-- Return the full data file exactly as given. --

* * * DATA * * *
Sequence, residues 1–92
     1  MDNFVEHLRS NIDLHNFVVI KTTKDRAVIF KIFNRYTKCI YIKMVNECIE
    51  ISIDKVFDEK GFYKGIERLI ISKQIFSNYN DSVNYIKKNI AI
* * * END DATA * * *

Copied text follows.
Sequence, residues 1–92
     1  MDNFVEHLRS NIDLHNFVVI KTTKDRAVIF KIFNRYTKCI YIKMVNECIE
    51  ISIDKVFDEK GFYKGIERLI ISKQIFSNYN DSVNYIKKNI AI